By "Hoddy" Hodson
“That rude, harsh, unfair bastard: Hoddy”.
The problem seems to stem from the way I allocate marks in relation to use of the System. I’ve given a few Associates a lower mark on an Observed Run than they expected.
The instructions to Observers on marking ORs mention the System thus:
70%-80%: This is the “developing” stage where the Associate becomes familiar with Roadcraft. Scores can be inconsistent as the Associate amends their style of riding to incorporate the System.
80%-90%: The Associate shows awareness of the System and starts to link all the phases together, demonstrating also an awareness of why they are doing a particular thing; i.e. positioning for vision.
It’s clear that a score of 80 or over only comes once the Associate is making use of the System. Or, at least, a System – I’ll come back to this later. In my book (it is a tatty copy of Venus in Furs, if you really must know), an Associate should not start getting scores above 79 until their riding is almost always “Systematic”.
So, the System is important for Advanced Riding. But what is a “system” anyway?
Do you ever do the washing up? I know real, rufty tufty ‘bikers don’t, they just smash all the plates after use, but some of you may. Well, there’s a system for washing up.
You wash the glasses first because there’s no grease in the water and you want them clean and sparkly. Then you wash cups – they’re dirtier than glasses, but not greasy. Then plates, then cutlery. And you dry and put away your cooking knives, if at all possible – because good knives can discolour if left to drip dry and, in any case, you or your kids may get cut if sharp knives are left out. Now you wash the pans and finally you wash roasting pans or grill trays – as these may be really greasy – they may even need to be left to soak and you can’t do any more washing up while they occupy the sink, so they get done last. A system – and, I hope, one that makes sense?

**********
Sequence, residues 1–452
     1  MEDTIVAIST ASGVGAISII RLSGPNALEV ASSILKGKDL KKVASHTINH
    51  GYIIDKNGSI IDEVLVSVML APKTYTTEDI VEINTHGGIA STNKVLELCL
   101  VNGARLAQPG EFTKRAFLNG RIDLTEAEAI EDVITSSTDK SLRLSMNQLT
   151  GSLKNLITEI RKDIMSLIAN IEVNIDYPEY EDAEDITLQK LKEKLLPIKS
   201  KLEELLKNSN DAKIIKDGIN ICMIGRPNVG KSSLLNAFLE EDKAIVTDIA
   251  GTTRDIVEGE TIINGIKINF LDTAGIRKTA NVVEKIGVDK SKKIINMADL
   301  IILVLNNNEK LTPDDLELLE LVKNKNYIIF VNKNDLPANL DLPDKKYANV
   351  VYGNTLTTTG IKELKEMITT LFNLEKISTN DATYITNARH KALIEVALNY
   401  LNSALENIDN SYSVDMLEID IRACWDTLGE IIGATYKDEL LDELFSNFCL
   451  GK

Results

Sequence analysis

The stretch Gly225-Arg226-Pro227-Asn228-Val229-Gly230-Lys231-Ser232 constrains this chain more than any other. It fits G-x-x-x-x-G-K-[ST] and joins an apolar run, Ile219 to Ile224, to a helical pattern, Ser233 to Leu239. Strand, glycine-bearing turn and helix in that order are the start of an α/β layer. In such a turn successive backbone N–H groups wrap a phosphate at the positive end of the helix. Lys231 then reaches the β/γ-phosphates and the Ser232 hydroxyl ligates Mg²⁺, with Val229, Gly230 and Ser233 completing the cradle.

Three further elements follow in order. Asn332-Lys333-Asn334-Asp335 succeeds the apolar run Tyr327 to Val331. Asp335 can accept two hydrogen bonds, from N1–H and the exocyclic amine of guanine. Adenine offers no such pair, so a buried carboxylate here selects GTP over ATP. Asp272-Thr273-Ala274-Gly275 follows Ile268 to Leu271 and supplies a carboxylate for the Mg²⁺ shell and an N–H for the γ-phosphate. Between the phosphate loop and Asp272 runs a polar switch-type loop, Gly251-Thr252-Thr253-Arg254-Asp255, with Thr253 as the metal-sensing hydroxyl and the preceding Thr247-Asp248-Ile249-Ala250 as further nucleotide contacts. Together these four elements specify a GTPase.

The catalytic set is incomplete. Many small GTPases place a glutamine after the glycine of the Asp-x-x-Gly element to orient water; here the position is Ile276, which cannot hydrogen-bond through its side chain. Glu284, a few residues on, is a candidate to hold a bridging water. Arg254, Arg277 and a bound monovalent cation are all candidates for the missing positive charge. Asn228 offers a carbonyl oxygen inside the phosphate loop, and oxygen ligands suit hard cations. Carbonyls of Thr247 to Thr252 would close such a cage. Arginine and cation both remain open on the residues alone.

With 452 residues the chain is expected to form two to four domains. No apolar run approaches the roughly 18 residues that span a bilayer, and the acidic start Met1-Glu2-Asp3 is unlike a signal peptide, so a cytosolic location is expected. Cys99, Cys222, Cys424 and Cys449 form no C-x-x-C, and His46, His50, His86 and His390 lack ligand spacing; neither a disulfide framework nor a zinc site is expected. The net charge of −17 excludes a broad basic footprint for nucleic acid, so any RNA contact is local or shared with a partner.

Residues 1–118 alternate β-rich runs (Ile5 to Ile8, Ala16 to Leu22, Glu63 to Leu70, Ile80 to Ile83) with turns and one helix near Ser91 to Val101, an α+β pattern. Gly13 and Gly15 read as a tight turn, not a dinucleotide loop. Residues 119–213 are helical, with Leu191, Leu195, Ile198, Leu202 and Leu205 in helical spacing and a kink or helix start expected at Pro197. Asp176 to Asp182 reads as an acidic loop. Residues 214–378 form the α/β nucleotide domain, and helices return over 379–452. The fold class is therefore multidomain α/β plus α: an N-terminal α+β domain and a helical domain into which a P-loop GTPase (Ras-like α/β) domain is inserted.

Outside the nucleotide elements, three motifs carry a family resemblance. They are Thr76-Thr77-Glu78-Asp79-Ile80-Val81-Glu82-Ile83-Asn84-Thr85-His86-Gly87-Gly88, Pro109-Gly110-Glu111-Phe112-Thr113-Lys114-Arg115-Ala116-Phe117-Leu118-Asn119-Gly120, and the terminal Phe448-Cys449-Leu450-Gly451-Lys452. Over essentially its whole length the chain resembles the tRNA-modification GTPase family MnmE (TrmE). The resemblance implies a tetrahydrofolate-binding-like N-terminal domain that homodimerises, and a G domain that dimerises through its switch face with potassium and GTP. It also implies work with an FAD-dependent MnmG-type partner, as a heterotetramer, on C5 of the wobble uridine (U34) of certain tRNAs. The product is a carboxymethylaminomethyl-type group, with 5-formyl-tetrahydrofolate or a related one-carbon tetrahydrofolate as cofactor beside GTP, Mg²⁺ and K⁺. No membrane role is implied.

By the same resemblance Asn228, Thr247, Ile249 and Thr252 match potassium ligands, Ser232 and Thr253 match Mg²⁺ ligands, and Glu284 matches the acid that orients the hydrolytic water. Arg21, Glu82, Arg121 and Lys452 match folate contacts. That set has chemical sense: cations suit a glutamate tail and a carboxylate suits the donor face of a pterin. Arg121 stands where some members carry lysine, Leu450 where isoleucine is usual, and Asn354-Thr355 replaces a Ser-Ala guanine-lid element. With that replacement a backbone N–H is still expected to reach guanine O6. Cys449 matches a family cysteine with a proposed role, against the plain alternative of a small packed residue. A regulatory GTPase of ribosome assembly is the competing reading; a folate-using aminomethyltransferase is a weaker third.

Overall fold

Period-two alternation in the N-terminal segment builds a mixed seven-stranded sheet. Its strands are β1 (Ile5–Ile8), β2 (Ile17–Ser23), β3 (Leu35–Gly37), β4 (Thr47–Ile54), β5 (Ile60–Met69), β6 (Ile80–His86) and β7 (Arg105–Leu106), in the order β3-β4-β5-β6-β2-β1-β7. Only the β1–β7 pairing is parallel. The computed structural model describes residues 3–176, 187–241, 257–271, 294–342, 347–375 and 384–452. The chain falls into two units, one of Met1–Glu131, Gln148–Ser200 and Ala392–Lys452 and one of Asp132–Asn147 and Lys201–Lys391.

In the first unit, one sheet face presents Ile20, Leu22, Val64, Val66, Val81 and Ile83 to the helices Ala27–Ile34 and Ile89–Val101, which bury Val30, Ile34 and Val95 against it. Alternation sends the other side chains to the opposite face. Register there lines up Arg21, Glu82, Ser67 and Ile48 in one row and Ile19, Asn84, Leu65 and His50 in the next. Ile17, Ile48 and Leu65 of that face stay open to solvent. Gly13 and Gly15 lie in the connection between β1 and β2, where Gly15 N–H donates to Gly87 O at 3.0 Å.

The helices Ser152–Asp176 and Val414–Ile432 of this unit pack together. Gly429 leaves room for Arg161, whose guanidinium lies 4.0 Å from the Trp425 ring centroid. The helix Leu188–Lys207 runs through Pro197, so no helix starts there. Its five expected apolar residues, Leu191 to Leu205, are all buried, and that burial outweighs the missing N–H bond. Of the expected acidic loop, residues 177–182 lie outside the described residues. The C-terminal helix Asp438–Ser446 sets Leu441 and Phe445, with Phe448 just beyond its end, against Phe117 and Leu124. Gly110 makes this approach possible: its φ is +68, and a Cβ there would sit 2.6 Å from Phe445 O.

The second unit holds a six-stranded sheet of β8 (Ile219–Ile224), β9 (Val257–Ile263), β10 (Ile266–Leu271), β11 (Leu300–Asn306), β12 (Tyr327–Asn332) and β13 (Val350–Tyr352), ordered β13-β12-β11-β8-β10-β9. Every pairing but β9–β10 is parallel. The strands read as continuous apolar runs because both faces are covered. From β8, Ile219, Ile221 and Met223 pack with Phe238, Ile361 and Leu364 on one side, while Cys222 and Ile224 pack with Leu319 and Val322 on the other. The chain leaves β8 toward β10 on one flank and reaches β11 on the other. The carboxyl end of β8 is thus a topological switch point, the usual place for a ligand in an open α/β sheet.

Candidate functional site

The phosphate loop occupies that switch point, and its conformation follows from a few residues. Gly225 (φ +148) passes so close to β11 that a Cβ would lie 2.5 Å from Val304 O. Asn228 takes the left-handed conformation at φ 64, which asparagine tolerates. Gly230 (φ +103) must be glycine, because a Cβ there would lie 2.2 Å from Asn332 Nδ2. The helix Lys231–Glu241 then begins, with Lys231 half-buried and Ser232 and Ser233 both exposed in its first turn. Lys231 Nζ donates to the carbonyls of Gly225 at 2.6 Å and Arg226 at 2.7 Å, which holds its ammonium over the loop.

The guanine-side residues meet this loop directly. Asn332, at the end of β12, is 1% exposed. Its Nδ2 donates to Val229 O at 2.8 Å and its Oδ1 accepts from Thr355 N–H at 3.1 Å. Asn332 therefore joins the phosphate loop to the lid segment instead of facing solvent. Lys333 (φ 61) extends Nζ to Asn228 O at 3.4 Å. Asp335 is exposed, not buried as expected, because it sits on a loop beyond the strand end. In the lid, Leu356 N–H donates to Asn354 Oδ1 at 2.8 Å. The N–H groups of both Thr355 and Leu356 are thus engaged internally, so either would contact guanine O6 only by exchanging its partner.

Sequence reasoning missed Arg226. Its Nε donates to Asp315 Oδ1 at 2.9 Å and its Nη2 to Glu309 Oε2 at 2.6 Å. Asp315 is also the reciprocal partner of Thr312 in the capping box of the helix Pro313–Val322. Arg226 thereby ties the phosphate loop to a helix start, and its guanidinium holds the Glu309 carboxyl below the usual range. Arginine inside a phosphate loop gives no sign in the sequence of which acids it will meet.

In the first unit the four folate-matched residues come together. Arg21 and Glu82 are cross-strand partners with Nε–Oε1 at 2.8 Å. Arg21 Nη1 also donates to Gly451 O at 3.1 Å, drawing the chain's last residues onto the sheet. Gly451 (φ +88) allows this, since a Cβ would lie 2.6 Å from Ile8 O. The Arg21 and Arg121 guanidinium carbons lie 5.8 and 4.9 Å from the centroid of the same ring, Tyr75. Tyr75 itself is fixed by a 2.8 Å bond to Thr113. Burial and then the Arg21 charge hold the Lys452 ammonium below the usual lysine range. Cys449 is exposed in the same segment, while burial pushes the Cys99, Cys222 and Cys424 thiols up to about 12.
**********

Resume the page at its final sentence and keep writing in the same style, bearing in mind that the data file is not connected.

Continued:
Another system, which I’ll wager you know even if you’ve never done DIY, is the one for painting a floor. You start in the corner opposite the exit door, or else you’re going to have long and boring wait, standing in another corner while the paint dries.
A system is a program (in the computer sense) for carrying out a task. Surgeons use systems – they call them “procedures” – when carrying out operations. And, like our own System, they take some learning, which is why you are always advised to have your operation done by a surgeon who has carried the relevant procedure out successfully a few times in the past!
Our System did not spring out of nowhere. The System represented in the diagram above is a 1994 revision and re-statement of the previous 1978 System. This, in turn, sprang from the System for Car Control, which was developed in the late 1950s.
The System was developed by looking at the drivers and riders (usually Police ones) who had the fewest accidents and analysing what they did. The word ‘analysing’ in this context boils down to ‘watching’ and ‘asking’.
A good, safe rider makes “lifesaver” headchecks to clear their blind spot. The best riders make these lifesavers only when they need to and at the last possible instant – so there’s less chance of another vehicle moving onto the area of tarmac they have “cleared”. So – in the terms of the old way of looking at the System – your final action before the manoeuvre is the lifesaver.